# When are “square spans” not transversal?

Let $$V$$ be a finite-dimensional vector space over a field $$K$$. Given a basis $$\{v_1,\dotsc,v_n\}$$ for $$V$$, we define the "square span" of the basis to be the subspace of $$V\otimes V$$ spanned by $$v_1\otimes v_1,v_2\otimes v_2,\dotsc,v_n\otimes v_n$$.

It seems clear that, for $$n\geq 2$$, if the square spans of two bases $$v=\{v_1,\dotsc,v_n\}$$, $$v'=\{v_1',\dotsc,v_n'\}$$ have non-trivial intersection, then the two bases have proper non-trivial subsets spanning the same space. What happens given three bases $$v$$, $$v'$$ and $$v''$$ such that their square spans, taken together, span a subspace of $$V\otimes V$$ of dimension less than $$3\dim(V)$$? What can one say about $$v$$, $$v'$$ and $$v''$$ then?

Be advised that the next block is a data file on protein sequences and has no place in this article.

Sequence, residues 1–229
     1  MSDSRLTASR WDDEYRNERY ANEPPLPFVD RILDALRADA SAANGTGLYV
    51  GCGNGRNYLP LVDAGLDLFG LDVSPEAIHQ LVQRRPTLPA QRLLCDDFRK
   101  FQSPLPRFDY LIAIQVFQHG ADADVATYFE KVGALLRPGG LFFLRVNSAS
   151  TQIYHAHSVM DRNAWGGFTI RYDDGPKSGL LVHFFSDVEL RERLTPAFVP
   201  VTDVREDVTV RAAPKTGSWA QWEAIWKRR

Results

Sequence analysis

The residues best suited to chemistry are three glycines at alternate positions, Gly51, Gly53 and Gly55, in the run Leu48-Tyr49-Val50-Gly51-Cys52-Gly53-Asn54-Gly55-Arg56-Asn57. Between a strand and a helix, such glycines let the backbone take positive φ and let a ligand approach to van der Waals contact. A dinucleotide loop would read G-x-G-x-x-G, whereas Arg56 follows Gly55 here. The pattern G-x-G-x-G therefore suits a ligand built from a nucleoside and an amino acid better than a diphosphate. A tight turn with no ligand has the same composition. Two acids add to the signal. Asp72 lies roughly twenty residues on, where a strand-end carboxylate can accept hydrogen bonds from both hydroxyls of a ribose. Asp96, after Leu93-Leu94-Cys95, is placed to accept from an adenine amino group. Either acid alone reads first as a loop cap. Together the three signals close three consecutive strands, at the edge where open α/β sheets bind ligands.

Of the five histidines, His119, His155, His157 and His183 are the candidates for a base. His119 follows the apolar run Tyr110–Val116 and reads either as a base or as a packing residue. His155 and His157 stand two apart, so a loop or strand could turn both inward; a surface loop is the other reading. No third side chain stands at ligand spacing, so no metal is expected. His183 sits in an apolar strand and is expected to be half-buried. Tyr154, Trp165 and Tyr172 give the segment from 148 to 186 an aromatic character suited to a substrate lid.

• If $n=2$ then all pairs of bases have nontrivially intersecting square spans. – MTyson Dec 8 '18 at 20:04
• Let's say $n>2$. – H A Helfgott Dec 8 '18 at 21:18